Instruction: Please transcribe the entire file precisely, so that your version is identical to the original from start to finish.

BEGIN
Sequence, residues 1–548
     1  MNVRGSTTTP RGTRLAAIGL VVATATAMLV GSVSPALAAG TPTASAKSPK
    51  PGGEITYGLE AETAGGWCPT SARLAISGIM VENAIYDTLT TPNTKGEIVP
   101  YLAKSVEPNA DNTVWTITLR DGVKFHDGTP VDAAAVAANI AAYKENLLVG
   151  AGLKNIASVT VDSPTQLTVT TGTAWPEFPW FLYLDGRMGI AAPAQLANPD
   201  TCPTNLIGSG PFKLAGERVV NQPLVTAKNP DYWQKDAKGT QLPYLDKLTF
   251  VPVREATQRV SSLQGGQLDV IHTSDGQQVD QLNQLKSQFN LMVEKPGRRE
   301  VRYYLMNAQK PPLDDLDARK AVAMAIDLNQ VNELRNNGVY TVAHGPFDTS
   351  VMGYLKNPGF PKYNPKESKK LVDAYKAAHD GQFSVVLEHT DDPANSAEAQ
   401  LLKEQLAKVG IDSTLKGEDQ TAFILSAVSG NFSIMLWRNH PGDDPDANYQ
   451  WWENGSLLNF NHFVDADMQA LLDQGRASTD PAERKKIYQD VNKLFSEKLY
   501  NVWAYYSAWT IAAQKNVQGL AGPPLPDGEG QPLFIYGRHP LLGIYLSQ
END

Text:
Sequence, residues 1–548
     1  MNVRGSTTTP RGTRLAAIGL VVATATAMLV GSVSPALAAG TPTASAKSPK
    51  PGGEITYGLE AETAGGWCPT SARLAISGIM VENAIYDTLT TPNTKGEIVP
   101  YLAKSVEPNA DNTVWTITLR DGVKFHDGTP VDAAAVAANI AAYKENLLVG
   151  AGLKNIASVT VDSPTQLTVT TGTAWPEFPW FLYLDGRMGI AAPAQLANPD
   201  TCPTNLIGSG PFKLAGERVV NQPLVTAKNP DYWQKDAKGT QLPYLDKLTF
   251  VPVREATQRV SSLQGGQLDV IHTSDGQQVD QLNQLKSQFN LMVEKPGRRE
   301  VRYYLMNAQK PPLDDLDARK AVAMAIDLNQ VNELRNNGVY TVAHGPFDTS
   351  VMGYLKNPGF PKYNPKESKK LVDAYKAAHD GQFSVVLEHT DDPANSAEAQ
   401  LLKEQLAKVG IDSTLKGEDQ TAFILSAVSG NFSIMLWRNH PGDDPDANYQ
   451  WWENGSLLNF NHFVDADMQA LLDQGRASTD PAERKKIYQD VNKLFSEKLY
   501  NVWAYYSAWT IAAQKNVQGL AGPPLPDGEG QPLFIYGRHP LLGIYLSQ